Progress is Incremental

I had a hard night at MMA sparring tonight. At the end of it I leaned against the wall in the women’s bathroom (yes, there is one of those, awesome) and looked up at the shower-head (wow, we have all the amenities!) and wondered if I could “do this.”

Wondering if one can “do this” is almost always counter-productive, because doing “this” usually means succeeding 200% of the time and being the Best In The Whole World Ever Of All Time. In other words, it represents an all-or-nothing, be-all-and-end-all definition of succeeding.

Luckily the same sparring partners who took me down and smacked me in the face from top half-guard reminded me of the incremental improvements that I had made. It’s hard to view one’s own progress objectively, so this kind of feedback can be valuable.

I was still angry at myself – angry because I was “unimpressed with my performance” and angry about the fact that I had allowed it to unbalance me emotionally. I didn’t feel like staying for the second training session (No Gi jiu jitsu), but I did because I knew that that was what I needed to do. (After all, discipline consists of doing what you need to do, not what you feel like doing.) I’m glad that I did. I exhausted myself with good, controlled rolling, and the success that I achieved ameliorated my frustrations about the sparring session.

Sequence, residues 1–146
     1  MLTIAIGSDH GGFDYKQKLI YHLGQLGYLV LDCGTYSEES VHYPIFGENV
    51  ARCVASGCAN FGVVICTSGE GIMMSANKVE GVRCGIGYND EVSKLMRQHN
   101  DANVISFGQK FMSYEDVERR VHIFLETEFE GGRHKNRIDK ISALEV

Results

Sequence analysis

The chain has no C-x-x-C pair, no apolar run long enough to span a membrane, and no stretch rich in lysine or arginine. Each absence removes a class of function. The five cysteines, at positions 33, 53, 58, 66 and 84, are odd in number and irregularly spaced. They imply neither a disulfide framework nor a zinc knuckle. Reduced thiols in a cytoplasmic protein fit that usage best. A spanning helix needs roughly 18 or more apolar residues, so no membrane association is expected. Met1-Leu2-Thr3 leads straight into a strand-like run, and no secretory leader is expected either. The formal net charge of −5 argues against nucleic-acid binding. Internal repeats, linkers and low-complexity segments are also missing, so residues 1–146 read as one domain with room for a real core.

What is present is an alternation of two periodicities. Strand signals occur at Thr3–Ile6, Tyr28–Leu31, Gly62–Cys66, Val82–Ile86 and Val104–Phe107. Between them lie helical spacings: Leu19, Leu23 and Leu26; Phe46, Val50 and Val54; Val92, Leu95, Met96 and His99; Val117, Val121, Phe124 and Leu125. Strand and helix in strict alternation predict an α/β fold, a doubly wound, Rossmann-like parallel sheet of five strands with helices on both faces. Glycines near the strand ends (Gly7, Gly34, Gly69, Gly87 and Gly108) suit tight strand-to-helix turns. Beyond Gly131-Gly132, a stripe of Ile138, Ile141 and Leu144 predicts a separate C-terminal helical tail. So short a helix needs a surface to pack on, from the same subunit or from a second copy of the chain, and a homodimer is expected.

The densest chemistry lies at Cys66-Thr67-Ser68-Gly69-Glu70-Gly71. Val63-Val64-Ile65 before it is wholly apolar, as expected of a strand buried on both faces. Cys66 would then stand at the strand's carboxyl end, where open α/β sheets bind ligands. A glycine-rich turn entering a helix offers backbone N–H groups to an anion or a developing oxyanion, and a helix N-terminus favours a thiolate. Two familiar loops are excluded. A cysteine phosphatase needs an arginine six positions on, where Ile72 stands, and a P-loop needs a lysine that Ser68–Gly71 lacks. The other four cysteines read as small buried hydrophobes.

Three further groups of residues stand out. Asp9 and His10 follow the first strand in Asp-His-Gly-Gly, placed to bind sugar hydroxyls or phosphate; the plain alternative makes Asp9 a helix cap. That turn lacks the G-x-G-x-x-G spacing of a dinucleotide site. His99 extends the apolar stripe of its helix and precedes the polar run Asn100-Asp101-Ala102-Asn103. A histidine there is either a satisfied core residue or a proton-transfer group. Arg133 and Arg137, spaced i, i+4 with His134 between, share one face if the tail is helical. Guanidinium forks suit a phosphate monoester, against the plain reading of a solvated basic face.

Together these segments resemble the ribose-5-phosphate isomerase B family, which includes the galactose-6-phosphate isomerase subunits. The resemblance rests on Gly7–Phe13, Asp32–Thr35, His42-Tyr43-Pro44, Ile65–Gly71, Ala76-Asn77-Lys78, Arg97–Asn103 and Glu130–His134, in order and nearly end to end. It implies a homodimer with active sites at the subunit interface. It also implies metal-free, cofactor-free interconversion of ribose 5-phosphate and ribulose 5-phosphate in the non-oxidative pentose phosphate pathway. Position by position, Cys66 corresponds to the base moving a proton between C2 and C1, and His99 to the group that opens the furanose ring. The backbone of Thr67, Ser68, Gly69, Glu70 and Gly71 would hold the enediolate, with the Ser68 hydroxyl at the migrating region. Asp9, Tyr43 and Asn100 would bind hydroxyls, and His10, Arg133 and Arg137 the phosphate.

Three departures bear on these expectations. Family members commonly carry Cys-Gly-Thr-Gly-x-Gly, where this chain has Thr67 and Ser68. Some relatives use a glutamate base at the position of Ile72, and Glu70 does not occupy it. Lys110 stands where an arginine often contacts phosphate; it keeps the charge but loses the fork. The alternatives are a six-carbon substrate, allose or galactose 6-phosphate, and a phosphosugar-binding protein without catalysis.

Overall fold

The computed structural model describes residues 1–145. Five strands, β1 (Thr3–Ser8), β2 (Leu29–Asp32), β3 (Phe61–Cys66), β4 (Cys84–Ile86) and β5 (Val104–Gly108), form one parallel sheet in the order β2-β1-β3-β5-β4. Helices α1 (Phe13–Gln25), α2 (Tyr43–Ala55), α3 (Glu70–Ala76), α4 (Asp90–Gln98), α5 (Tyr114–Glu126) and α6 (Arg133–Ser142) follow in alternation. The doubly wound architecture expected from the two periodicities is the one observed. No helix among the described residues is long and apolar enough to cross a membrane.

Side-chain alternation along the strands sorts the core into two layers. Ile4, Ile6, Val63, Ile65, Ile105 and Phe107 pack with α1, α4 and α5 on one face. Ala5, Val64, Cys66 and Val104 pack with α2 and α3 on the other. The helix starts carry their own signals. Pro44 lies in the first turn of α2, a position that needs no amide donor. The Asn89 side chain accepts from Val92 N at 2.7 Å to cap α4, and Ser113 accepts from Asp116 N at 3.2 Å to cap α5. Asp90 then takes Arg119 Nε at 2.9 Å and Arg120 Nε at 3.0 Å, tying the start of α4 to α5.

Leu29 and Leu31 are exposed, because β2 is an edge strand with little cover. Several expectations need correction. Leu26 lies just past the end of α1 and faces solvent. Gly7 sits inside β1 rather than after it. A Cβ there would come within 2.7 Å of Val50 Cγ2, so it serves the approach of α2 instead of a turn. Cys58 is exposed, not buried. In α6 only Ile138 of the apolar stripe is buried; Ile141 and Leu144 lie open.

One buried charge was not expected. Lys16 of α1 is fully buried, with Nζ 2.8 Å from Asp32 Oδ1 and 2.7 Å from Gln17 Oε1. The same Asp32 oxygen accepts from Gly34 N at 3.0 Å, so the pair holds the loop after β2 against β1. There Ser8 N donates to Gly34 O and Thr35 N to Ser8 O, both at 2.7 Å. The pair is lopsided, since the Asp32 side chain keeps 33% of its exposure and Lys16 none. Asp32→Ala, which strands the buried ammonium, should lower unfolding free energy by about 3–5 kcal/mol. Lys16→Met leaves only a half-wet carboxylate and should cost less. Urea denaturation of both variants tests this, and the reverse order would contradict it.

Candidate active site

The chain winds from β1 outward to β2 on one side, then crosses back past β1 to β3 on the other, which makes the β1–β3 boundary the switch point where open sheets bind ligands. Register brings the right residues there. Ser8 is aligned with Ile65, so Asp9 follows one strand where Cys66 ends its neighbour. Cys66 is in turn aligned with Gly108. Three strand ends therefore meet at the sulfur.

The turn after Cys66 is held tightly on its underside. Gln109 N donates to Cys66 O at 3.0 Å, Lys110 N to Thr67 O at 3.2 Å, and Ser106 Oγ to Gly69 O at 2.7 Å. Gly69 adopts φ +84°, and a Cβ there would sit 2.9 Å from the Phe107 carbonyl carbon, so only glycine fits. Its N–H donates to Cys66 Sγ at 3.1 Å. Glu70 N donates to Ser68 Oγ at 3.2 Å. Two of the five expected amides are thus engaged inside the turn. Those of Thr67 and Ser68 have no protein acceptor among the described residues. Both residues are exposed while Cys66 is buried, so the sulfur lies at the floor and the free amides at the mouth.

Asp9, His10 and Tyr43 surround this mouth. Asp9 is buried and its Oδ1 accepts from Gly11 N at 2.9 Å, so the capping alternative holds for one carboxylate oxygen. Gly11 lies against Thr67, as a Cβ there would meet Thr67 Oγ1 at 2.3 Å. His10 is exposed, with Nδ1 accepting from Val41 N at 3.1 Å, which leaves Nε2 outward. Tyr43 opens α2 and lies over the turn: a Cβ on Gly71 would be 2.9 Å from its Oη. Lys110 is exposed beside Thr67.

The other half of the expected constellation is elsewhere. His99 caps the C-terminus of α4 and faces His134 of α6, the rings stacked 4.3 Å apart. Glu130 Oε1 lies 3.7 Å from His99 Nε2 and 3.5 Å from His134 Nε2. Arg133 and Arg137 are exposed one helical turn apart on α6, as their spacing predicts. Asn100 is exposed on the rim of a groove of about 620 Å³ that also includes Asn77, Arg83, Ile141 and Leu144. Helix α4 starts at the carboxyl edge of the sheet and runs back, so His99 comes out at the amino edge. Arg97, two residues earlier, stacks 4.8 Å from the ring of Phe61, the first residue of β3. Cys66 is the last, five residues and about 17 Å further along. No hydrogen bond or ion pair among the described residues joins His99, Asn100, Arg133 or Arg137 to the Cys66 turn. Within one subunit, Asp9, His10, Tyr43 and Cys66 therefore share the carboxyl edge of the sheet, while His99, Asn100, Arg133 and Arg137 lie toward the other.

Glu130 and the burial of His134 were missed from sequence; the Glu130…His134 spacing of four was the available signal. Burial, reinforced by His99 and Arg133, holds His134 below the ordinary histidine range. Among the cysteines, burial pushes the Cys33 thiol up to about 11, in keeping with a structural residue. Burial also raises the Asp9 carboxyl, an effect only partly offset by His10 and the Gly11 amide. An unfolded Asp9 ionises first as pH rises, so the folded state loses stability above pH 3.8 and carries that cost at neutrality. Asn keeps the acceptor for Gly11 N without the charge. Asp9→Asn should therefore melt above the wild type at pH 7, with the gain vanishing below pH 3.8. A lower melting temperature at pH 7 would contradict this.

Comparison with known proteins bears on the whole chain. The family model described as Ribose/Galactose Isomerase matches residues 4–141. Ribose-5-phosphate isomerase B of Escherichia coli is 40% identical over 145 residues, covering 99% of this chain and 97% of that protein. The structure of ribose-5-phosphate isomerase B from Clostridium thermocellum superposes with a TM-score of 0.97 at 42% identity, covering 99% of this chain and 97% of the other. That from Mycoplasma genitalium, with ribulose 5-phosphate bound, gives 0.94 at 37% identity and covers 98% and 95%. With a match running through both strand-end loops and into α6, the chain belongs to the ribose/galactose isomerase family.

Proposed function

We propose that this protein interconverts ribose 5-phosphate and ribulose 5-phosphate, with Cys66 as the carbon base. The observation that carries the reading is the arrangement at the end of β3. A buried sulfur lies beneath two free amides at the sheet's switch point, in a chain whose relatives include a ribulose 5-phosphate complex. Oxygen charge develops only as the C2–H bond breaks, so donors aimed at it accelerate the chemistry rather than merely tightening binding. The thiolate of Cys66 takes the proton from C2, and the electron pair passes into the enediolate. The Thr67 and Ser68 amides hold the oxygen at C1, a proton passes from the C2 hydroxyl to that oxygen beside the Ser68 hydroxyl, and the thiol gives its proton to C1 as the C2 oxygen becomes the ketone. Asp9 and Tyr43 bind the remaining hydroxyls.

Jiu jitsu has allowed me to learn a lot about what it takes to make progress in all areas of life. It’s important to allow yourself to enjoy what you do, and to be willing to make mistakes and get countered hundreds of times while you’re working on perfecting something.

Tonight I tapped someone for the first time with a submission that I’d been taught in 2011. You can imagine how many failed attempts there have been in the three years that have passed since that time.

It was a fitting reminder of the importance of persisting, of relinquishing unrealistic expectations when it comes to progression, and of striving for that 1% improvement every time I train. It’s not an all-or-nothing process, it’s a 1% improvement, one day at a time.

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